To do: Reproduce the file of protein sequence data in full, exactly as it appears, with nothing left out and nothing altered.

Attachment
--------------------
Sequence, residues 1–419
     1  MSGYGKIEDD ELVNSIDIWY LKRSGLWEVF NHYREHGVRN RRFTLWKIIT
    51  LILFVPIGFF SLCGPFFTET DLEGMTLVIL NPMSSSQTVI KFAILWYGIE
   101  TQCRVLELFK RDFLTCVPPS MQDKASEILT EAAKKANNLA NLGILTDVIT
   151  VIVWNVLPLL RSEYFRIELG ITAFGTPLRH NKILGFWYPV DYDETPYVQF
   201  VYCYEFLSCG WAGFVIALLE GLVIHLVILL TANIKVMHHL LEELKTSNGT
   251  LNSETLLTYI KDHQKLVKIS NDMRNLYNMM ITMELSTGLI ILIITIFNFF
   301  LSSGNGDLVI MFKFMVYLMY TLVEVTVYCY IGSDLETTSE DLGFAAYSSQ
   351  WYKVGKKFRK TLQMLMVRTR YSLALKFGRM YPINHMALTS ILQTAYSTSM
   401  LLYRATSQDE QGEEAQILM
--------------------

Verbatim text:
Sequence, residues 1–419
     1  MSGYGKIEDD ELVNSIDIWY LKRSGLWEVF NHYREHGVRN RRFTLWKIIT
    51  LILFVPIGFF SLCGPFFTET DLEGMTLVIL NPMSSSQTVI KFAILWYGIE
   101  TQCRVLELFK RDFLTCVPPS MQDKASEILT EAAKKANNLA NLGILTDVIT
   151  VIVWNVLPLL RSEYFRIELG ITAFGTPLRH NKILGFWYPV DYDETPYVQF
   201  VYCYEFLSCG WAGFVIALLE GLVIHLVILL TANIKVMHHL LEELKTSNGT
   251  LNSETLLTYI KDHQKLVKIS NDMRNLYNMM ITMELSTGLI ILIITIFNFF
   301  LSSGNGDLVI MFKFMVYLMY TLVEVTVYCY IGSDLETTSE DLGFAAYSSQ
   351  WYKVGKKFRK TLQMLMVRTR YSLALKFGRM YPINHMALTS ILQTAYSTSM
   401  LLYRATSQDE QGEEAQILM